Ideas Exchange: Given the Recent Media Attention on Cognitive Outcomes, Such as Academic Achievement and Its Relation to Physical Activity, How Should This Information Be Applied to Our Advocacy Efforts? Take a Position Relative to the Physical, Cognitive, or Both

Strategies: A Journal for Physical and Sport Educators, September-October 2007 | Go to article overview

Ideas Exchange: Given the Recent Media Attention on Cognitive Outcomes, Such as Academic Achievement and Its Relation to Physical Activity, How Should This Information Be Applied to Our Advocacy Efforts? Take a Position Relative to the Physical, Cognitive, or Both


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It is unfortunate and shortsighted that today's school buildings and the programs in them are aimed at the top five inches of a child's body and designed primarily to produce a sedentary populace. I believe it is also shortsighted for physical educators to jump on the cognitive bandwagon. Exercise does increase blood flow to the brain, but there is no evidence related to the frequency, duration, intensity, or mode of exercise that is needed to improve a child's standardized academic achievement or IQ score.

Most of the research relative to academic achievement has been concerned with physical fitness, not physical activity or exercise. While the results generally show that physically fit children perform better in school, the studies are correlational. Meanwhile physical activity is a process variable, and until recently has not been measured. Only a few quality studies have been done to date (e.g., Sallis et al.) and they generally show that increasing the amount of physical education does not detract from scores on standardized academic achievement tests. Studying the effects of physical activity on academic achievement, however, is complex, and an expensive longitudinal event. No agencies are ever likely to provide the amount of money needed to conduct a quality randomized trial solely using academic achievement as an outcome variable. In the interim there are several good studies (e.g., Mahar et al.) that have shown that physical activity throughout the school day contributes to academically-related behaviors (e.g., increased attention during school).

Let's not wait for that pot of money to fall from the sky or base our programs on limited research. Rather, let's promote physical education and other physical activity programs for the positive outcomes we know they do best--develop physical fitness, physical skills, and health, and when conducted properly provide socialization and fun. At least one part of schooling should focus on the whole child.

Thomas L. McKenzie, Ph.D.

Professor Emeritus, School of Exercise and Nutritional Sciences

San Diego State University

As a curriculum specialist for health and physical education within my school district, I interact daily with my counterparts who represent all other subject areas--reading, writing, math, science, social studies, art, music, world language, business, career/technical education, and family/consumer science. We share many common job responsibilities; however, as you might expect, each of us serves as a major advocate for our respective curriculum areas. It should also come as no surprise that we "non-core" curriculum area specialists find advocacy a much more important part of our duties than those representing the "core" areas.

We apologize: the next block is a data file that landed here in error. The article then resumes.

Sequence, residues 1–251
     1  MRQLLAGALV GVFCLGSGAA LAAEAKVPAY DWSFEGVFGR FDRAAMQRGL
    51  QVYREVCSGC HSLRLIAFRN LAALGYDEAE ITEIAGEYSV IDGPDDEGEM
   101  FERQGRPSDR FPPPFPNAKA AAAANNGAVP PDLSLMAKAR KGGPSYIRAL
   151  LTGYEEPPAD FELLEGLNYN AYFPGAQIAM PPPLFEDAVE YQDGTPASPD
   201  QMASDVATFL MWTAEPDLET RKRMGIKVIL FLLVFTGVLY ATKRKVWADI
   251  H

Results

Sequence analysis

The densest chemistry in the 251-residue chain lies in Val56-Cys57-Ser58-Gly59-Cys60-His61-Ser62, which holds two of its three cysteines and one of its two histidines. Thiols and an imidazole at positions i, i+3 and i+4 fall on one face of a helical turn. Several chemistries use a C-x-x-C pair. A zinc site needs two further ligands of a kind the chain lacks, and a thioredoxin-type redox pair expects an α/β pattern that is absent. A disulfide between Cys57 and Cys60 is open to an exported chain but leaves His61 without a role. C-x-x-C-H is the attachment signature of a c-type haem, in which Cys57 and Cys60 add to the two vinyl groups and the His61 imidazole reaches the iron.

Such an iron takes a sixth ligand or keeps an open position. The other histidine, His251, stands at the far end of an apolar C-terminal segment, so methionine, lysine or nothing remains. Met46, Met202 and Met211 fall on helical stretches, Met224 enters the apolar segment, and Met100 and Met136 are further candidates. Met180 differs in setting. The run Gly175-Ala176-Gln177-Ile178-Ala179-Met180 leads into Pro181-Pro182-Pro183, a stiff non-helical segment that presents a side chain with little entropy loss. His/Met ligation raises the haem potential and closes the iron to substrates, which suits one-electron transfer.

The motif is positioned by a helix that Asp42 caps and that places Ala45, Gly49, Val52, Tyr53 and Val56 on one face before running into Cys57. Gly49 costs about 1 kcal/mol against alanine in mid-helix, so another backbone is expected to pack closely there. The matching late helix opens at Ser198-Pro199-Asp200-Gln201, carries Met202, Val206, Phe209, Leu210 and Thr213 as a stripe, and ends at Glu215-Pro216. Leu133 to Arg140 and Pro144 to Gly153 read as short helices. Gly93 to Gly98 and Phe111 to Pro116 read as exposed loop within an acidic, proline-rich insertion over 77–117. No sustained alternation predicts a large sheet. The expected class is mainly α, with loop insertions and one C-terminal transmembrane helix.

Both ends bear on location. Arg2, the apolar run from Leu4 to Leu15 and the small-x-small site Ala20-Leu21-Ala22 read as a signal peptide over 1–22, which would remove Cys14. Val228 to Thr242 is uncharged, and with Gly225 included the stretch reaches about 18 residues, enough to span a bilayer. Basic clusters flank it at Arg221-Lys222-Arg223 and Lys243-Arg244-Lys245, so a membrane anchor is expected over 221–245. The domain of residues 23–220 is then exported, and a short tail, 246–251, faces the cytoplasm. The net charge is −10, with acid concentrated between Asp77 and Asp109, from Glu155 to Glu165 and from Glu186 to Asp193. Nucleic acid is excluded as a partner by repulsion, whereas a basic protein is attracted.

At times it is advantageous for the "non-core" areas to band together and stress our significant roles in supporting the overall academic achievement of students. Certainly, music, art, world language and other areas can all cite research that their instruction promotes achievement in the "core" subjects, just as we in physical education assert that participation in physical activity may improve attention, focus, behavior, and learning in the classroom. This approach tends to keep physical education on par with these other subjects. However, it does not distinguish our field or provide any real advantage when more resources are sought for the "core" subjects.

Physical education is the only subject taught in schools that directly involves the physical domain. When we focus our advocacy on this unique characteristic, we can set physical education apart from the crowded schedule of subjects that schools teach. With the attention given to physical activity in recent years, schools should not be allowed to ignore their significant role in providing opportunities for youth to be educated physically.

We should take advantage of the spotlight on the importance of physical activity by promoting our unique ability to deliver education OF the physical, while continuing to acknowledge our important role in education THROUGH the physical. …

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Ideas Exchange: Given the Recent Media Attention on Cognitive Outcomes, Such as Academic Achievement and Its Relation to Physical Activity, How Should This Information Be Applied to Our Advocacy Efforts? Take a Position Relative to the Physical, Cognitive, or Both
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